"Recently, he's been lights out,'' Murray said.

Kissel's goal midway through the first period, after Brian Swanson deflected a Wes Goldie shot, furnished a 1-0 lead. Ward soon cranked his power-play goal, which appeared to change direction after hitting a Stockton stick, to push the margin to 2-0.

Though Stockton's Jesse Fratkin answered three minutes into the second period when Mike Little's floating shot banked off Fratkin's lower body, Nunn redirected a Nick Mazzolini pass behind Olivier Roy (22 saves) about four minutes later to restore Alaska's two-goal cushion at 3-1.

Kissel late in the second period had a 2-on-1 with Goldie and roofed a left-circle rocket over Roy's glove.

Coleman and company, who were unhappy with their defensive performance in Game 2, when they surrendered an abundance of scoring chances, applied the clamps after that, just as they did throughout the three games in California.

"We knew we didn't play well defensively in Game 2, and we took that to heart, and we wanted to be better,'' Coleman said.

Shuffling the deck

Murray said a Stockton fan doused him with beer in the waning seconds of the game and was removed by security.

"Some guy poured a beer over my head and ruined my hairdo,'' Murray, who keeps his locks cut trim, joked to broadcaster Josh Bogorad in a post-game television interview. "I got out on the ice and Colesy looked at me funny because I smelled like beer.''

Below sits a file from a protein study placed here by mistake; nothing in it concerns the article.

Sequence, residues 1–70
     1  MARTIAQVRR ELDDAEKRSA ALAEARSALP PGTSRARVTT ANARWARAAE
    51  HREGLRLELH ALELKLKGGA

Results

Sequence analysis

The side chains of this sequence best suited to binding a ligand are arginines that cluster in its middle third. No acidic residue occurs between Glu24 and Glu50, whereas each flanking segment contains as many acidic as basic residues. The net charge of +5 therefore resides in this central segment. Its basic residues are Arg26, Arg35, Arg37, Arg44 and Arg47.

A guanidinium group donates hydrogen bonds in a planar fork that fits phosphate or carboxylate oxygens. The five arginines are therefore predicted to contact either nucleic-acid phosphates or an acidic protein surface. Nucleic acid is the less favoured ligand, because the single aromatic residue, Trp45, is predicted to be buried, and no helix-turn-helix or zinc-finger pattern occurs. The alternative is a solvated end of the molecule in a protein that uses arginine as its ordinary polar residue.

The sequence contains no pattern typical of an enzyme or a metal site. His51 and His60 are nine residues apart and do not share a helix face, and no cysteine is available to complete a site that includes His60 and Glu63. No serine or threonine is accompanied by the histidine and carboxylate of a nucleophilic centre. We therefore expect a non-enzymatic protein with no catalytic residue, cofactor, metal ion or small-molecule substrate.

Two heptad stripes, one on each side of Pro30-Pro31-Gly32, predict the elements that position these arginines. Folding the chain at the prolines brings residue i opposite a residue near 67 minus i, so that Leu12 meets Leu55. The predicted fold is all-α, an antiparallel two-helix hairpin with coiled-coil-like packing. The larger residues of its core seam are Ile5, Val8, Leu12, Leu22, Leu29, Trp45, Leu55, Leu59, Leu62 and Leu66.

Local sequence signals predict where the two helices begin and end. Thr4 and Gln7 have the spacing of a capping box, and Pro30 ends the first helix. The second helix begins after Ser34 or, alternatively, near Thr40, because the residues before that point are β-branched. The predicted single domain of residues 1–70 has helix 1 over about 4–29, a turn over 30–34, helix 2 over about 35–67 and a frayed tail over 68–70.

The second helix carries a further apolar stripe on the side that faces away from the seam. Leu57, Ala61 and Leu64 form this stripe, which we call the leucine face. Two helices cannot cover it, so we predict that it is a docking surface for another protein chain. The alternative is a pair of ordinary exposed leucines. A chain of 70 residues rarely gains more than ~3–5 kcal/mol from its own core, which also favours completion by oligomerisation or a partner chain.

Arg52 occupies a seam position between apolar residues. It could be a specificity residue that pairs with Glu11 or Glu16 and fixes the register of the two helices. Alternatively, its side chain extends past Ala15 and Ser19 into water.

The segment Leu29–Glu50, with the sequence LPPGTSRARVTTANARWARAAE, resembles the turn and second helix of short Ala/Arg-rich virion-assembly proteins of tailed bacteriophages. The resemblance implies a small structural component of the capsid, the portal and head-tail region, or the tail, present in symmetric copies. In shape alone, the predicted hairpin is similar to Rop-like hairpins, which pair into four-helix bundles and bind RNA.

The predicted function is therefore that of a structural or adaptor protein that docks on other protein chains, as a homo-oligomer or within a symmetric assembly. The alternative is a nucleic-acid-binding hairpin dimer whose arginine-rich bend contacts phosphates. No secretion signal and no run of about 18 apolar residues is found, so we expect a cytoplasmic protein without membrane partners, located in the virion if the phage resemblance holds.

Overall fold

Aces defenseman Brandon Gentile sat out with an upper-body injury suffered in Game 4. Rookie David Shields, in his pro playoff debut, filled in nicely, furnishing two assists and a plus-2 rating.

Also missing was Bruton, out with a lower-body injury. Rookie Tim Hall took his spot in the lineup.

Both teams lost pivotal players just six minutes into the game. Cruthers speared D'Alvise on a face-off and D'Alvise, Stockton's most dangerous player, countered by cross-checking Cruthers in the back of the head. Both players received major penalties and game misconducts. Still, pretty good trade-off for the Aces.

Mazzolini led Aces scorers in the series with 3-3--6 totals, and Kissel (3-2--5) and Goldie (1-4--5) each furnished five points. Goldie was the only player in the series to have a point in each game, and he led the Aces with a plus-6 rating. Chad Anderson led Aces defensemen with a plus-4 rating.

After struggling on the power play late in the regular season and in the first two games of the series -- the Aces went 0 for 27 during that stretch -- Alaska scored a power-play goal in each of the last three games of the series.

Aces 2 2 0 -- 4

Stockton 0 1 0 -- 1

First Period -- 1, Aces, Kissel 2 (Swanson, Goldie), 11:13; 2, Aces, Ward 2 (Miller, Goldie), 13:04 (pp). Penalties -- Foy, Stockton (interference), :08; D'Alvise, Stockton, major-game misconduct (cross-checking), 5:57; Aces, Cruthers, major-game misconduct (spearing), 5:57; Deck, Stockton (holding the stick), 12:34.

Second Period -- 3, Stockton, Fratkin 2 (Little, Foy), 3:14; 4, Aces, Nunn 2 (Mazzolini, Shields), 7:30; 5, Aces, Kissel 3 (Shields), 18:32. Penalties -- Anderson, Aces (roughing), 14:26.

Third Period -- None. Penalties -- Hunt, Stockton (high-sticking), 11:28; Miller, Aces (cross-checking), 13:09; Squires, Stockton (tripping), 14:53; Foy, Stockton (slashing), 16:04; Kwiet, Stockton, misconduct-game misconduct (unsportsmanlike conduct), 19:08; Anderson, Aces, misconduct (unsportsmanlike conduct), 19:08; Brodie, Stockton (boarding), 19:53.

Shots on goal -- Aces 8-11-7--26. Stockton 8-16-7--31.

Power-play Opportunities -- Aces 1 of 6. Stockton 0 of 2.

Goalies -- Aces, Coleman, 4-1 (31 shots-30 saves). Stockton, Roy, 4-4 (26-22).

A -- 3,914 (9,737). T -- 2:22.

Referee -- Joe Sullivan. Linesmen -- Todd Owen, Wally Lacroix.